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Old 12-02-2013, 05:46 PM   #46
Shesaid OP
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Joined: Dec 2012
Location: Central CA
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FINALLY! We're GOING somewhere!

13.1123-Hollister-(72)

Hesaid and I are different. From everybody else, naturally, but also from each other. He is all about a PLAN. He likes to plan things. He needs a plan. He likes to get out maps and compasses and sit down with Google Earth and make lots of notes and do math and figure out exactly what he's going to do, exactly how he will do it, when the best time to do it is, and then plot the alignment of several key astronomical entities in order to ensure that his plan is implemented in the best relation to the space/time continuum. Sometimes he spends so much time planning that he never gets around to doing.

I am all about doing: I believe in double checking the pre-packed overnight bag to make sure you haven't raided it of it's Ibuprofen and then GOING!

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This is why I have far more grand ADVENTURES to tell tall tales of than Hesaid does.

He works so hard to avoid having "adventures" in the first place.

Once I got the hang of riding without falling over and breaking anything I need in order to continue riding, my first point of order was to obtain a rack for the Wombat. In order to strap stuff to. Because being able to strap stuff to the bike is pretty much my idea of priority 1 before setting off on an adventure.

And so I have been ready to GO somewhere and stay overnight pretty much since June.

I was all about throwing some sleeping bags in a sack and camping in Sequoia National Forest, but Hesaid was all, "I don't think we're ready for that...I think our first overnight should be in a hotel, that way its less stuff to worry about going wrong...I don't know if we can ride that far..." etc, etc, and so on.

I spent a lot of the summer with my eyebrows raised, making squishy, puckered-up duck faces at him. Really? "Too far?" We regularly rode UP to the mountains AND BACK all in one go. Camping for the night before heading home seemed like LESS riding. All in one day, at least.

But we have yet to go moto-camping. I've come to the conclusion that Hesaid is uncomfortable with the minimalist camping techinique that he will have to adapt to for the bikes. Whereas I have been an ultralight backpacker for 15 years now. And Hesaid does love his comfort zones. He'll come around. In his own time. (Which will be this next summer or I'm going without him!)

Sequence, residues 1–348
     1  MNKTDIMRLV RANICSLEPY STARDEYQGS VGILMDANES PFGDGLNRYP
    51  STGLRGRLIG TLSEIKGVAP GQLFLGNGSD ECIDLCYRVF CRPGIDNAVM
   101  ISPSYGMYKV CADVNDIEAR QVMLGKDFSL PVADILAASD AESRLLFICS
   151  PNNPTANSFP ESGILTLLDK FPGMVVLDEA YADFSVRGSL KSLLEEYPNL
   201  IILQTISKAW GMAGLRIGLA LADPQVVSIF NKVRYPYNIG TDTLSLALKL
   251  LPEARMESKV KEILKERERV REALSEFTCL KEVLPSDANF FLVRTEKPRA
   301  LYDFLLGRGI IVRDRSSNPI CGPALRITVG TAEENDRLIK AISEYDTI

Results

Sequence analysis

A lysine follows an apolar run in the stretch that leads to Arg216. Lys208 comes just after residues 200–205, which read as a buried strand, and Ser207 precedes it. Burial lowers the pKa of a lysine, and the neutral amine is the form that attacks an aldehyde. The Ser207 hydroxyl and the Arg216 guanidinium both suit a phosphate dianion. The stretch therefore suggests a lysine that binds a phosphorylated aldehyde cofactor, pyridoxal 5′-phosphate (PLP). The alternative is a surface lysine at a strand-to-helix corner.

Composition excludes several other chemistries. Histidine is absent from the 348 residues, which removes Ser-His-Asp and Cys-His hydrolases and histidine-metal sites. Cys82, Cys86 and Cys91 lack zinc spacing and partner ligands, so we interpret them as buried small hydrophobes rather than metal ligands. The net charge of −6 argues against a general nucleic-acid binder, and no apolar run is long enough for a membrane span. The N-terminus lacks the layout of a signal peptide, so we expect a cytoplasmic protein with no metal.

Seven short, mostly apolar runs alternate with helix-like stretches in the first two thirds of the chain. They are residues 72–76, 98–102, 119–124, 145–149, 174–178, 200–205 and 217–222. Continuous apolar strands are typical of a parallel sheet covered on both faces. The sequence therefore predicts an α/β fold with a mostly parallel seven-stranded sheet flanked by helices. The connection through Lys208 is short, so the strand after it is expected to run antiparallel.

So a couple of weeks ago, he came home to inform me that he was planning an overnight trip to Hollister.
Hollister? Really? That's the destination of our first overnight trip? Hollister is the mythical land of Fortune and Glory? Hollister is where awaits our destiny, land of adventure and intrigue?

Hmmmm. I had no idea.

But at least we might actually GO somewhere!

Turns out, Hesaid's co-worker was planning on loading up his dirt bike with his dad and his dirt bike and meeting up with his brother and sister-in-law, their daughters and their dirt bikes and camping at the Hollister Hills OHV recreation area just outside of Hollister on the weekend before Thanksgiving.

Ok. I admit. I'm getting older. And growing soft and spongy. I'm less enthusiastic at the prospect of camping in late November than I used to be. But, if it meant getting to GO somewhere, then I was prepared to suck it up!

Fortunately, Hesaid's plan was to use his co-worker's camping trip as an excuse to ride to Hollister, spend the night in a warm, comfy hotel room, eat dinner and drink beer in a restaurant, and ride home the following day.

This sounded good.

And so it would be: We departed for Hollister at the crack of dawn-- NO REALLY! The BUTT-FREAKIN-CRACK OF EVER-LOVING DAMN DAWN! on Saturday morning.

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BRRRRRRRRRR.

Have I ever mentioned that I am NOT. A. MORNING. PERSON. ???

And you know what I like about driving a car? Cup holders. Yup. Call me a yuppie; a conformist, in-the-box, yuppie cager (you'd be the ONLY person who ever called me that) but CUP HOLDERS are the vehicle for the world's greatest beverage-- coffee. And you can drink coffee WHILE you drive!

Even if you outfit your bike with cup holders, it's difficult to drink it while you ride. It is a woeful sacrifice one must make for the joy of the ride.

Our route, having been meticulously planned by my partner-in-crime, eschewed freeways and made sure not to put more than 100 miles between gas stations-- the Wombat averages 80+ miles to the gallon, but has a capacity of little more than that gallon.

We wound through the same alfafa fields and dairies that were the scenery on our way out of the valley for our Parkfield trip. I was only mildly surprised to see the alfafa still green and thriving this far into the season.

We gassed up in Coalinga: I had suspected we might be planning on obtaining some sort of breakfast-like device in Coalinga as well, seeing as how Hesaid IS a morning person and one that requires a morning meal.